February 04 1916
Franklin Forks – The ladies of this place and vicinity will hold a church rally at the Alliance hall, Feb. 9th. Dinner will be served and a free-will offering received. Proceeds to apply on pastor’s salary. All come and have a good time and help a good cause along. (Signed) Mrs. Chas. Palmer, Sec’y.
Dimock – A.H. Button, who has been sick a long time with stomach trouble, is now better and drives the milk wagon from Parkvale to the Dimock milk station daily, as in times of the past. ALSO The roads are in a bad shape for travel, as the frost is coming out of the ground, which makes the mud deep and heavy hauling of lumber and logs is suspended for the present.
Forest City – The burning of a note of $600, the last evidence of debt against the Northeastern Pennsylvania Telephone company, marked the morning session of the fifteenth annual meeting of the stockholders.
Auburn Corners – It is persistently rumored that Clark Voss, of this place, will succeed to the interest of the late J.L. Kent in the coal, express and dray business in Montrose. He will become associated with his son-in-law, Frank Pepper, the deceased’s partner, although this report cannot be confirmed. Mr. Voss has until recently conducted a general store at Auburn Corners.
East Rush – We sure have been having some great weather the past week. It makes one think that spring is about here.
Uniondale – The store room and garage being built by Douglas & Yale, Ford agents, is nearly completed and will afford more room in which to conduct their automobile business. They are hustlers. ALSO The Erie Flyer and the passenger train coming north were held up Thursday morning between here and Forest City. A freight train was wrecked causing a delay of several hours. W.T. Churchill, Leon H. Reynolds, W.E. Gibson and L.A. Smith were aboard the Flyer. They walked from the wreck to Forest City and boarded the street car for Scranton, where they attended the automobile show.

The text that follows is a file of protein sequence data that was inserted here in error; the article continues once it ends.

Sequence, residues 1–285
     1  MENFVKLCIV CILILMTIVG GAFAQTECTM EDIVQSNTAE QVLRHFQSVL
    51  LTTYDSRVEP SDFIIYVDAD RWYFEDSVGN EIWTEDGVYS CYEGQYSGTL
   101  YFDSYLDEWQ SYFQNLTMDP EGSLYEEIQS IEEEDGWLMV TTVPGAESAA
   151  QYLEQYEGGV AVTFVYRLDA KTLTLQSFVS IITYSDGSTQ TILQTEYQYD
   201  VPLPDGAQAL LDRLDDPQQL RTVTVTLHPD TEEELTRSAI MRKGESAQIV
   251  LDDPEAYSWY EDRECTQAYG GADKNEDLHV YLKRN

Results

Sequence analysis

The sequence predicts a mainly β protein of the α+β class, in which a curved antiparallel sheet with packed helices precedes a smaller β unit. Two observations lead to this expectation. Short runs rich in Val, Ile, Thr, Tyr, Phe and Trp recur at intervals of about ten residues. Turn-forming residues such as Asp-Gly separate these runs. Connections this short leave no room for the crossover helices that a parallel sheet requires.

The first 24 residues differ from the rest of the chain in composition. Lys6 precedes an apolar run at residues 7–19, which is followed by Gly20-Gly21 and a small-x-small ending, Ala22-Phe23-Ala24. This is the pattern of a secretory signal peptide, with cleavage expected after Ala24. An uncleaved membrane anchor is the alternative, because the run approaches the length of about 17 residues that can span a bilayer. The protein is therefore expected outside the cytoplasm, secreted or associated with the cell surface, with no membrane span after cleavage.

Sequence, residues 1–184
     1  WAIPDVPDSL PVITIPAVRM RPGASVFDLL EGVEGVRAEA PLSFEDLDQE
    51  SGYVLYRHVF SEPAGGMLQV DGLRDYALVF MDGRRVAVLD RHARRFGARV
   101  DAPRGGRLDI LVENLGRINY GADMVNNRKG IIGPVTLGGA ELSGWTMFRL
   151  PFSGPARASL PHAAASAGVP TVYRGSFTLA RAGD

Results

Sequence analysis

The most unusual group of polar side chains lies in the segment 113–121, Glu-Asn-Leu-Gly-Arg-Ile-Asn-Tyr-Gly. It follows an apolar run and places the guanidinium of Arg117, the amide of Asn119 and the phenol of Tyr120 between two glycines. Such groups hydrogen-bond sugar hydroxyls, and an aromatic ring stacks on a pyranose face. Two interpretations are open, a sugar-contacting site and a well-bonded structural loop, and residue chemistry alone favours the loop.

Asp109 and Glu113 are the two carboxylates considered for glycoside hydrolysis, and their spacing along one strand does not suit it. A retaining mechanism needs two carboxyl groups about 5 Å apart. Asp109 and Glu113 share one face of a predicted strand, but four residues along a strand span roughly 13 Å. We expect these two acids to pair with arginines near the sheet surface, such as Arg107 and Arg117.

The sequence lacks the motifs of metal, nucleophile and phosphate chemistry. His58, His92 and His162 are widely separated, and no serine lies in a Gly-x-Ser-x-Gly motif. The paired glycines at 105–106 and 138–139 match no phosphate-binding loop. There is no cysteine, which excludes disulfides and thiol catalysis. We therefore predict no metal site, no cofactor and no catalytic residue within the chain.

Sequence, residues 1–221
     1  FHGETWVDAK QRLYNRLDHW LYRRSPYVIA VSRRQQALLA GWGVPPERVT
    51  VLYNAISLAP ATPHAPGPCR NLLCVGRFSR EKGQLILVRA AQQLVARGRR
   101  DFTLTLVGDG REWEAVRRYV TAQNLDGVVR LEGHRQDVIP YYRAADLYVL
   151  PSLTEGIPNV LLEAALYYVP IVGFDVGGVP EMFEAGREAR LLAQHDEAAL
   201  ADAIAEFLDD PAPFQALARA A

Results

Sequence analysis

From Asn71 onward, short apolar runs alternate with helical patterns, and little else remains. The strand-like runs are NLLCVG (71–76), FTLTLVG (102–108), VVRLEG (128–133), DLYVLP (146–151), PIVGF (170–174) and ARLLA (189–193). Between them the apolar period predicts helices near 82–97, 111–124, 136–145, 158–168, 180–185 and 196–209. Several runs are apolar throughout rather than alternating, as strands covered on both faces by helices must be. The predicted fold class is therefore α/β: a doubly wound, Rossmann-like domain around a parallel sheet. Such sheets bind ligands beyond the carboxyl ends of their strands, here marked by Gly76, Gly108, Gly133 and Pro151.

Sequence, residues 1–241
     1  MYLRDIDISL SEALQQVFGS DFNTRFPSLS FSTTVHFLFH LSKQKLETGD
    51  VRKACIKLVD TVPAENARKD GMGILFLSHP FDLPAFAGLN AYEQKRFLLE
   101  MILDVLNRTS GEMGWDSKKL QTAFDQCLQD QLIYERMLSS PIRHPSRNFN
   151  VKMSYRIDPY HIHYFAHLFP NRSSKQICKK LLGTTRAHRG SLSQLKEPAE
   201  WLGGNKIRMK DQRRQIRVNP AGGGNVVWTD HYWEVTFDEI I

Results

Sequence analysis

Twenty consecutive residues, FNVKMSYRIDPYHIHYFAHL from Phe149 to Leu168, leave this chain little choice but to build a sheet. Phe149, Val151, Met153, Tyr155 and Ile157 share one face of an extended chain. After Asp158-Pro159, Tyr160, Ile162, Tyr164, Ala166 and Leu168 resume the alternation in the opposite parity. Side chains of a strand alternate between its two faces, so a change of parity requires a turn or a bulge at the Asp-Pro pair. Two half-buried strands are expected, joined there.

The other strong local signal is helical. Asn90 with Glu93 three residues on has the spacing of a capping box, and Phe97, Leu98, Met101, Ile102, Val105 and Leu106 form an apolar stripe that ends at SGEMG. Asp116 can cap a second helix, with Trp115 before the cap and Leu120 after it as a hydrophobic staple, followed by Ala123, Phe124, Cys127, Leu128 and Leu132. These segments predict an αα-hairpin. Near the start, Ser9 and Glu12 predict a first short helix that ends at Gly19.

Silver Lake – “The Don’t Worry Club” was pleasantly entertained at Jeremiah Mahoney’s on Tuesday evening. ALSO William Donovan had a large wood-bee on Wednesday. They cut and piled fifty cords of wood. ALSO Mr. and Mrs. Joseph Ward celebrated the 60th year of their marriage on January 26th, 1916. Mr. Ward, who is 85 years old and Mrs. Ward, who is 82, were both born in the locality in which they now reside. They are both members of St. Augustine’s church.
Middletown Twp. – William Edward Fitzgerald, 14 years of age, son of Mr. and Mrs. Michael Fitzgerald, died at the home of his parents on Tuesday night, Jan. 25. Anna Fitzgerald 9 years of age, sister of the above, died Friday evening, Jan. 28. Death in both cases was due to spinal meningitis. Both were buried within a day of their death, with a private funeral, in St. Francis Xavier’s cemetery.
Great Bend – The general store of Charles M. Hamlin was entered by thieves on Friday evening late, and robbed of twelve suits of clothes. The burglars entered through a rear window, and, finding no money or articles of much value, contented themselves by taking the clothing, leaving behind them articles of much larger value. This is the second time Mr. Hamlin’s store has been robbed.